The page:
Chocolate Zucchini Bread

I began my vegetable garden earlier this year so that I could have access to fresh, hyper-local produce to use in my recipes. In the three months that I’ve maintained the garden, I’ve learned a lot more than just how to grow plants, and I’ve been rewarded with more than just fresh fruits and veggies.

It has been so fascinating seeing the life cycles of some of my favorite foods – even now, I find it hard to imagine that my nearly six-foot corn plants began as seedlings no larger than blades of grass. Watching tiny strawberries materialize from the centers of delicate white flowers feels a bit like taking a sneak-peek into the secret life of nature.

It’s even been a lesson about the critters and bugs involved in creating produce (and the ones that just call my garden a home). When I water my garden at 6:30 am, I am greeted by 20 or so baby grasshoppers lounging in my sage plant. With their tiny bodies and long, massive feelers, they are a perfect dose of cuteness to start my day off with.

Now, the potato beetles and tomato-pecking catbirds are not as nice visitors in the garden, but I suppose everyone has their place.

I had a little bit of a scare earlier in the month when two of my four zucchini plants would produce flowers, but no fruit, and led me to believe they were male plants. They were bushy and beautiful with green leaves the size of dinner plates, but let’s be honest – I’m in this for the zukes.

After some research, I resorted to hand-pollinating the big zucchini blossoms with a Q-tip (ooh, flower sex), and that seemed to do the trick. Over the past week, the dark green veggies have been popping up left and right!

Chocolate zucchini bread is one of my all-time favorite uses for this versatile veggie. This vegan version is naturally low in fat, as I’ve swapped the cup of vegetable oil for unsweetened apple sauce, and can be easily changed into a gluten-free treat by using gluten-free flour. Feel free to add chopped walnuts or pecan in yours!

Happy baking!

Chocolate-Zucchini Bread
Serves 16*

3 cups all-purpose or gluten-free flour
1/3 cup unsweetened cocoa powder
1/2 tablespoon ground cinnamon
1 teaspoon baking soda
1/2 teaspoon baking powder
1 teaspoon salt
2 cups sugar
1 cup smooth, unsweetened applesauce
5 tablespoons ground flax seed + 10 tablespoons water, microwaved for 30 seconds (this creates your flax “egg”)
2/3 cup non-dairy milk (I used So Delicious Unsweetened Coconut)
1 teaspoon vanilla extract
2 cups shredded zucchini
1 cup vegan chocolate chips


1. Preheat the oven to 350º. Grease two loaf pans well with non-stick spray.

2. Combine the dry ingredients (not including the flax egg) in a large bowl and mix well. Add applesauce and mix with a fork. It’s going to be dry, and that’s okay – just mix as thoroughly as you can.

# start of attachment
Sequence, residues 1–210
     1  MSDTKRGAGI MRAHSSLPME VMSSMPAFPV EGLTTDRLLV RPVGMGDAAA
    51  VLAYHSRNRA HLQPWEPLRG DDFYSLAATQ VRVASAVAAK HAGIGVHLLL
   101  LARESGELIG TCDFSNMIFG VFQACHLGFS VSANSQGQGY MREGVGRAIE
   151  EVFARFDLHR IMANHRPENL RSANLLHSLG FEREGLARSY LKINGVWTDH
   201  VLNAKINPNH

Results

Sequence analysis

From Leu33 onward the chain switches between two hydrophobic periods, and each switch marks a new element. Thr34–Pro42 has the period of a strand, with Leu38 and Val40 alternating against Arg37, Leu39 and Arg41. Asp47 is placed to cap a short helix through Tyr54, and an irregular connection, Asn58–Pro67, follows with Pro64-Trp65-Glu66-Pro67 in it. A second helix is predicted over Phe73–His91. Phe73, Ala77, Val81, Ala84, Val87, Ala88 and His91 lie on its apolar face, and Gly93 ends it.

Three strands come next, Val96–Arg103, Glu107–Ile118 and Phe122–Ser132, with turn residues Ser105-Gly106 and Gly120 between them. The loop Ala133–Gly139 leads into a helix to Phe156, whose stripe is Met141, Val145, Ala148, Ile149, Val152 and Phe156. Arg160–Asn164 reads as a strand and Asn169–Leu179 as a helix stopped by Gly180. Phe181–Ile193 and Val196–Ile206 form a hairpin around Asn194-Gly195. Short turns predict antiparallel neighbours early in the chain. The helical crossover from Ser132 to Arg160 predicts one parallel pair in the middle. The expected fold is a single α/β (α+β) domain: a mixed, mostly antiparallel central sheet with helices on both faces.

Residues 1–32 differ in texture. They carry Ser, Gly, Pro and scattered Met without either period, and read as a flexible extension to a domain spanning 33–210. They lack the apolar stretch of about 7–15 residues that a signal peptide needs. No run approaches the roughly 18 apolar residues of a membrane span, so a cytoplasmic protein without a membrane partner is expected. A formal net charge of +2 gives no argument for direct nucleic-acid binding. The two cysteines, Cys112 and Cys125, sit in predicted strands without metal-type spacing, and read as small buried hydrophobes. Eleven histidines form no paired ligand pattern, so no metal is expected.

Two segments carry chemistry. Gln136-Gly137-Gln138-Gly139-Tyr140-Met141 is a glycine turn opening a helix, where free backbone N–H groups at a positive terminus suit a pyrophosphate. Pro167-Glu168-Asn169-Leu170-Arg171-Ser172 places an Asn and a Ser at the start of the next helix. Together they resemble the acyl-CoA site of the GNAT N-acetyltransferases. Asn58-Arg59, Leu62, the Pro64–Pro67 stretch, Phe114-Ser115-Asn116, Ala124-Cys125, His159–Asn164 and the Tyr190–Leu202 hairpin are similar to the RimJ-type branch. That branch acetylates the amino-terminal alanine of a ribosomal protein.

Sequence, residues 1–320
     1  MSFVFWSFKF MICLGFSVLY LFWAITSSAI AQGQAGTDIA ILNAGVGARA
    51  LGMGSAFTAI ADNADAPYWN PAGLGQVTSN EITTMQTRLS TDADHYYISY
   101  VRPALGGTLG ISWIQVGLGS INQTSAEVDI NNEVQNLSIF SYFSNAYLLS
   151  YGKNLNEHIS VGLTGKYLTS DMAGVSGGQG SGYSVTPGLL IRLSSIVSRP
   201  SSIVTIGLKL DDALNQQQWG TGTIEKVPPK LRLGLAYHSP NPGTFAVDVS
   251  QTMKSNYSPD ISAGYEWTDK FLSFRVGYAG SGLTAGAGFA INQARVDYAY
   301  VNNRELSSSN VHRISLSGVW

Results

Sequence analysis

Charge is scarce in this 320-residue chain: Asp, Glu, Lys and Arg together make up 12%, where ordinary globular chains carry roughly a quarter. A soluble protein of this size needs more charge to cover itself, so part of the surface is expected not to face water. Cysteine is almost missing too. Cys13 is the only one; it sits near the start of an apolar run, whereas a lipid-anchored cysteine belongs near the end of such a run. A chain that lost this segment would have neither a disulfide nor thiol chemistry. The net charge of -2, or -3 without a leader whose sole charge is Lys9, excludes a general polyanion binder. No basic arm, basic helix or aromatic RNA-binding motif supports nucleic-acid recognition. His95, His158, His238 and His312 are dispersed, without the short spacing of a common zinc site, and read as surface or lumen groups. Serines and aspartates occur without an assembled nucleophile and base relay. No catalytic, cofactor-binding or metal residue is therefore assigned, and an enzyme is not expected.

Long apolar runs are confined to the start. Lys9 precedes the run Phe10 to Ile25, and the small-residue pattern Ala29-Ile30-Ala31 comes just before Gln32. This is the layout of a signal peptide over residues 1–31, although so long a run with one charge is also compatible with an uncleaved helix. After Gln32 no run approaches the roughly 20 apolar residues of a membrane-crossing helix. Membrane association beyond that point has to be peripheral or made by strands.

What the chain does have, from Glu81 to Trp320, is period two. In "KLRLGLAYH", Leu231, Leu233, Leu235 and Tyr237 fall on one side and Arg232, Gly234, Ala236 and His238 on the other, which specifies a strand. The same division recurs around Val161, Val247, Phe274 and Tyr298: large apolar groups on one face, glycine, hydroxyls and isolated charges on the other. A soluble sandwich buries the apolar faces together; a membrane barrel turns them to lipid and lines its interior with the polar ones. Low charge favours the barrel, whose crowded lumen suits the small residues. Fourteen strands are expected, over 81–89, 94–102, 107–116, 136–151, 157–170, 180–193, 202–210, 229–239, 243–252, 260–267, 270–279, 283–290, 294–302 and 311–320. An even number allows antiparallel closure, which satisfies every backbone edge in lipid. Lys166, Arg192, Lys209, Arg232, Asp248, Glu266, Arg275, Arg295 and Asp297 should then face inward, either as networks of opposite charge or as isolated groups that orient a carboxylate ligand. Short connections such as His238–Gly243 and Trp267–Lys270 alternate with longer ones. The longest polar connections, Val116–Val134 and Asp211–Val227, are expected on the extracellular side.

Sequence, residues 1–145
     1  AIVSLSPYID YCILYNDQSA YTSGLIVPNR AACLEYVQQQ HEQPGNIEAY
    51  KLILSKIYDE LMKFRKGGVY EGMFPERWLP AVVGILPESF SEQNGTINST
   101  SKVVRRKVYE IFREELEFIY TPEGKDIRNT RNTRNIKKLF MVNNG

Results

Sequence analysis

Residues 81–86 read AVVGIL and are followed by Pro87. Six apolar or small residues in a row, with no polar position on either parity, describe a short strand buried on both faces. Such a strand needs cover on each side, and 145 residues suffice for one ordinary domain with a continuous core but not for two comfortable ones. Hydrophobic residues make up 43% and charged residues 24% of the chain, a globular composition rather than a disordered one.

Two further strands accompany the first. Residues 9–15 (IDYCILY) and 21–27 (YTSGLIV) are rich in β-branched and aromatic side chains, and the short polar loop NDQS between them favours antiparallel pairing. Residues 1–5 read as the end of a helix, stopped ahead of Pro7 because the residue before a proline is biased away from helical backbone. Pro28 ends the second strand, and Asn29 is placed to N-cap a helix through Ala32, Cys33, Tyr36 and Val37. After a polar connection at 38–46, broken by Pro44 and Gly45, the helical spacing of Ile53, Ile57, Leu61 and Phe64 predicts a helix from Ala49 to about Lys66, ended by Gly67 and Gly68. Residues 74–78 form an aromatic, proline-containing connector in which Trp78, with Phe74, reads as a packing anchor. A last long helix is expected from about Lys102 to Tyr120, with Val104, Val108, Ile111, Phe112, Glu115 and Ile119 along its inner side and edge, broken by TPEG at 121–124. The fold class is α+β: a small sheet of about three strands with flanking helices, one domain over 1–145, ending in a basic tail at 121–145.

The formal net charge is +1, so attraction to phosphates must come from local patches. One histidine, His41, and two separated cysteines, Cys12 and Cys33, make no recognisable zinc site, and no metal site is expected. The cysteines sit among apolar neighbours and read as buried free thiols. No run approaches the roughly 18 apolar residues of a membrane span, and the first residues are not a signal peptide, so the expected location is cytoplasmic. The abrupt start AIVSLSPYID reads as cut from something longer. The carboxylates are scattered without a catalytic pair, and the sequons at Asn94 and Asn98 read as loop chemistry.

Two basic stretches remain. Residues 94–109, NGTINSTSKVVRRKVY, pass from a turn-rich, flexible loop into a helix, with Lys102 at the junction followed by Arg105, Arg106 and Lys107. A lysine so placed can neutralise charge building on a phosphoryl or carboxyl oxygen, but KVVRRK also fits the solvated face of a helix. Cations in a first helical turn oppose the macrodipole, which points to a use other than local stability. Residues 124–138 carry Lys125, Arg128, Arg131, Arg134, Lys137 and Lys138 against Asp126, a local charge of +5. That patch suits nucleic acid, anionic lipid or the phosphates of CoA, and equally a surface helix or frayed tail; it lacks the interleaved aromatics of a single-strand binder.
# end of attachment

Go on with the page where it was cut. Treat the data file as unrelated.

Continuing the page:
3. Stir the flax egg and add to the bowl. Mix well.

4. Add milk, shredded zucchini and vanilla. Mix well. Add chocolate chips and stir until smooth batter forms.

5. Spoon batter into loaf pans and bake for 50-60 minutes.

6. Cut into thick slices and enjoy!

Nutrition per Serving: 278 calories, 6g fat, 54g carbohydrates, 6g protein.

*I made one large loaf and two small loaves from this recipe, so this is mostly an estimate.  Each batch is 4,440 calories, 92g fat, 870g carbohydrates and 74g protein, so you may be better off dividing that by your amount of servings.…

Whole Wheat Pancake Mini Muffins

I don’t know about you, but I find weekday mornings to be a crazy rush.  I have to get myself and my kids ready, make 3 lunches (the third lunch belongs to my husband) and get breakfast on the table.  During this time my kids are both asking me tons of questions AND fighting with each other non-stop, both of which interfere with me getting everything done as quickly as I would like to.  All of this before 8:30 when we have to start getting ready to leave the house, which is a whole other ordeal in itself.  Needless to say, I’m always looking for breakfast ideas that could be made ahead of time and simply put on a plate to make my mornings run a little smoother.

My kids aren’t generally too hungry first thing in the morning.  But I like them to eat even just a few bites of something so that they don’t go to school on a completely empty stomach.  When I ask them what they want for breakfast, the one food they always ask for is pancakes.  Not an easy thing to make when you’re busy enough as it is.  So I decided to make pancake muffins.  Not only can they be made ahead of time, and even frozen, but the batter only takes a few minutes to put together.